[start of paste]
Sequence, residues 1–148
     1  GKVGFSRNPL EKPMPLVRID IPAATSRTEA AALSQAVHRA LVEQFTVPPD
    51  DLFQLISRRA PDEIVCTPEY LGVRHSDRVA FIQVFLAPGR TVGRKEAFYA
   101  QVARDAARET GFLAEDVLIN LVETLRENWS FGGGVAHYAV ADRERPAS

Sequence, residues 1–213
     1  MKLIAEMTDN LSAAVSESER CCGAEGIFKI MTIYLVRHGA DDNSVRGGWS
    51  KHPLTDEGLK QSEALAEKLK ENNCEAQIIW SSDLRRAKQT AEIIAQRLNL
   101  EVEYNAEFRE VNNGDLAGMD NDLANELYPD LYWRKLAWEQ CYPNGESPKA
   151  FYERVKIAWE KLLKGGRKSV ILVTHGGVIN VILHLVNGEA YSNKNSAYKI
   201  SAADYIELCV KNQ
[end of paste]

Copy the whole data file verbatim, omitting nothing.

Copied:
Sequence, residues 1–148
     1  GKVGFSRNPL EKPMPLVRID IPAATSRTEA AALSQAVHRA LVEQFTVPPD
    51  DLFQLISRRA PDEIVCTPEY LGVRHSDRVA FIQVFLAPGR TVGRKEAFYA
   101  QVARDAARET GFLAEDVLIN LVETLRENWS FGGGVAHYAV ADRERPAS

Sequence, residues 1–213
     1  MKLIAEMTDN LSAAVSESER CCGAEGIFKI MTIYLVRHGA DDNSVRGGWS
    51  KHPLTDEGLK QSEALAEKLK ENNCEAQIIW SSDLRRAKQT AEIIAQRLNL
   101  EVEYNAEFRE VNNGDLAGMD NDLANELYPD LYWRKLAWEQ CYPNGESPKA
   151  FYERVKIAWE KLLKGGRKSV ILVTHGGVIN VILHLVNGEA YSNKNSAYKI
   201  SAADYIELCV KNQ